The Russian military has abducted and killed a number of Ukrainian mayors, and the bodies of several have already been found, Ukrainian President Volodymyr Zelensky said in an interview with The Economist.
“They are kidnapping the mayors of our cities … We can’t find some of them. But some were found dead,” he said.
Zelensky slammed French President Emmanuel Macron for being “afraid” of Russia after he again rejected Ukraine’s calls for weapons such as tanks. “[It is] because they are afraid of Russia,” Zelensky told The Economist. “To be honest, [UK Prime Minister Boris] Johnson is a leader who is helping more. The leaders of countries react according to how their constituents act. In this case, Johnson is an example.”
The man the Ukrainian people chose as their president in 2019 because of his starring role in a television series called “Servant of the People” has in real life become a servant to his people—their representative and the embodiment of their spirit, The Economist reports:
Speaking to The Economist in a government building fortified with sandbags and surrounded with tank traps, Mr Zelensky is disarmingly authentic and humane (see 1843). So great is the real-life tragedy that has befallen his nation that there is no room for acting. He talks of Ukraine’s need for weapons, his views of President Joe Biden and his other Western backers, of what victory means (see our edited transcript of the interview). But Mr Zelensky speaks most powerfully about the inhumanity of the Russian commanders ranged against him.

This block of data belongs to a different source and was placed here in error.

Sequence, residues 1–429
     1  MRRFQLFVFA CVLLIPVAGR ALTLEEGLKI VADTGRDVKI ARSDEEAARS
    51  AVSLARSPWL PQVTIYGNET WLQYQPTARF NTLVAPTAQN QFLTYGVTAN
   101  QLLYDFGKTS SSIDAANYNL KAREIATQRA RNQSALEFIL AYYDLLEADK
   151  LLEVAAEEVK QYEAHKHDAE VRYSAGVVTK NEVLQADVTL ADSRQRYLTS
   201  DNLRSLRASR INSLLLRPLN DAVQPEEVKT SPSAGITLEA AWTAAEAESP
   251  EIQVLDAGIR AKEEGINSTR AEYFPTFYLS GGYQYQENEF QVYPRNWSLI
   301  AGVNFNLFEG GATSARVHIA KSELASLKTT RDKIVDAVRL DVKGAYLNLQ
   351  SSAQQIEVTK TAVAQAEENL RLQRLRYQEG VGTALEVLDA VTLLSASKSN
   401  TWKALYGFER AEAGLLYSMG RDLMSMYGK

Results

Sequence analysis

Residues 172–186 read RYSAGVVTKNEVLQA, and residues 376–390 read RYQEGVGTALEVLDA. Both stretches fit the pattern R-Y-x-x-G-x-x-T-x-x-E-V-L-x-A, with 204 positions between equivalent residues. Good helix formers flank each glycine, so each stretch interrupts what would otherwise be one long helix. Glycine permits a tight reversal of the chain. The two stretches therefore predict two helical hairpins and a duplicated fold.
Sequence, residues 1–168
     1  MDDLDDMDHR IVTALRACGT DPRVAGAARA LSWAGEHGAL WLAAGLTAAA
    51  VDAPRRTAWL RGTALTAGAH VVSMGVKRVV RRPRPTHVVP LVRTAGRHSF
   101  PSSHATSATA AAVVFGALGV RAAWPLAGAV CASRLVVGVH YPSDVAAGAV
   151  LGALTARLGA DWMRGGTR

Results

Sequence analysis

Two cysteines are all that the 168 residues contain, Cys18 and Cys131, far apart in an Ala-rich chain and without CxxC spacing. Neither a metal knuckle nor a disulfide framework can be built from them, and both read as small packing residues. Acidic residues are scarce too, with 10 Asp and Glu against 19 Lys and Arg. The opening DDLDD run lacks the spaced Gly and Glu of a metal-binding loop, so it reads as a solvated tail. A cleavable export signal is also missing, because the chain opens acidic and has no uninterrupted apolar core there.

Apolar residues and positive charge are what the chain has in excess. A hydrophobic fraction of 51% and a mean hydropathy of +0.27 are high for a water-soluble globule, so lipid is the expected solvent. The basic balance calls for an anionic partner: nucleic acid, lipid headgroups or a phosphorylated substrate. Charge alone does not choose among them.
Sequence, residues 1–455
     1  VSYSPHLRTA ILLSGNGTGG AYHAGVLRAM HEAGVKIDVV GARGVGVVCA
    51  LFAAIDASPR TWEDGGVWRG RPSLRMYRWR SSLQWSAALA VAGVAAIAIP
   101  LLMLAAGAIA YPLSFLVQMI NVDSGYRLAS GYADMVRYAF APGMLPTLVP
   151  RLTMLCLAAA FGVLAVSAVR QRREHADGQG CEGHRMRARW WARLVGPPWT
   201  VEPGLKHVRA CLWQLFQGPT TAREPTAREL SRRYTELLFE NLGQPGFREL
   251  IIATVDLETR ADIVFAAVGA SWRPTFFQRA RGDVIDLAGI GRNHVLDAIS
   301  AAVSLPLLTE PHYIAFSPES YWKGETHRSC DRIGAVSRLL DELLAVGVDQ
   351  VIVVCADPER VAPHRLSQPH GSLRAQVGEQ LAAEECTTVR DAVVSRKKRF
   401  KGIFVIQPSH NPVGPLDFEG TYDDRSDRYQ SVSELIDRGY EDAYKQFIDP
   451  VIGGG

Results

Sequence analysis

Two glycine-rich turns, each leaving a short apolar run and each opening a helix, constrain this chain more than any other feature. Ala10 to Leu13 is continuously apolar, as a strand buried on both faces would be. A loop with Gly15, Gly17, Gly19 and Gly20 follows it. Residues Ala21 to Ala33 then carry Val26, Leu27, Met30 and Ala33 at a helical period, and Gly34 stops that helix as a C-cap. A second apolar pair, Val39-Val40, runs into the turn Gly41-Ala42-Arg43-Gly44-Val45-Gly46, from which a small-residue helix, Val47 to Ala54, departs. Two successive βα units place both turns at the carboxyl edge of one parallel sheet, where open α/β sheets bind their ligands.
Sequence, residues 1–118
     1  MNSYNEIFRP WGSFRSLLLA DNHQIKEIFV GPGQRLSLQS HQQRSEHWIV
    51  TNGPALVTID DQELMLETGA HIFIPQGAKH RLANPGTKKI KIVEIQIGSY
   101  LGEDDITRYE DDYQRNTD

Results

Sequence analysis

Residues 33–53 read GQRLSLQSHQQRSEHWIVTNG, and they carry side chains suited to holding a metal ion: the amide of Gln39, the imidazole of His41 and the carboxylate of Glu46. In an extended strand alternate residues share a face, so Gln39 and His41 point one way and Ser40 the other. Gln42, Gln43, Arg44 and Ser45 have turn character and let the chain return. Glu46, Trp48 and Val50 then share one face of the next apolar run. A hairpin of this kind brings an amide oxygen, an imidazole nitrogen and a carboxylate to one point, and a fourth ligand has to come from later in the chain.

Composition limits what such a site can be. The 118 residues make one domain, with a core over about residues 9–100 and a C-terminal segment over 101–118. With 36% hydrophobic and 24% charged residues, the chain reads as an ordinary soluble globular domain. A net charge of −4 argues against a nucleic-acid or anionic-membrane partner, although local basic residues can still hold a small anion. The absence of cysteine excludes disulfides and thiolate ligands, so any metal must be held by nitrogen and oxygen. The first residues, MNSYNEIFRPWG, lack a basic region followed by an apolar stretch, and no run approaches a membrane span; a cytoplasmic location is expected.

“One has to assume… that Russia’s war aims have changed, that the Kremlin realizes that probably regime change isn’t on the cards because if they were to put in power a puppet government, they’d have to occupy Ukraine with hundreds of thousands of troops,” says Brookings expert Angela Stent. “Everything that Putin and the Kremlin have done in the past year is to further alienate Ukrainians and to create a stronger sense of Ukrainian national identity.”
Speaking to The Economist in a government building fortified with sandbags and surrounded with tank traps, Ukraine’s president was disarmingly authentic and humane. Read our exclusive interview https://t.co/DpqE0HxTnQ
— The Economist (@TheEconomist) March 27, 2022
The United Nations has documented at least 37 cases of the forced disappearance or arbitrary detention of Ukrainian officials, journalists and civil society activists opposed to the Russian invasion. Matilda Bogner, head of the United Nations Human Rights Monitoring Mission in Ukraine, told a news conference Friday that her agency had also received “increasing information” and satellite images of mass graves in the besieged Ukrainian city of Mariupol.
Fifteen journalists and civil society activists have also been forcibly detained or have disappeared in or around Kyiv, Kherson, Luhansk and Zaporizhzhia: Five journalists and three activists from among them have been released, while the location and situation of the others remains unknown, Bogner said.